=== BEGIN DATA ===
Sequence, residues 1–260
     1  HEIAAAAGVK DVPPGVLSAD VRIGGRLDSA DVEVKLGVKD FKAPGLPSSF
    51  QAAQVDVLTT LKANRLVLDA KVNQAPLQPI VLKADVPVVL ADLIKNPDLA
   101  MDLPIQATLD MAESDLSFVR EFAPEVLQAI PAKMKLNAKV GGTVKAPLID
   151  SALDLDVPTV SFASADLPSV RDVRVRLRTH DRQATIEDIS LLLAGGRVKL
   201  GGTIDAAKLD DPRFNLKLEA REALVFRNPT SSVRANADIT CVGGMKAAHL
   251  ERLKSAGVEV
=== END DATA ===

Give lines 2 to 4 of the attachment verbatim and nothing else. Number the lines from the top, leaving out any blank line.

     1  HEIAAAAGVK DVPPGVLSAD VRIGGRLDSA DVEVKLGVKD FKAPGLPSSF
    51  QAAQVDVLTT LKANRLVLDA KVNQAPLQPI VLKADVPVVL ADLIKNPDLA
   101  MDLPIQATLD MAESDLSFVR EFAPEVLQAI PAKMKLNAKV GGTVKAPLID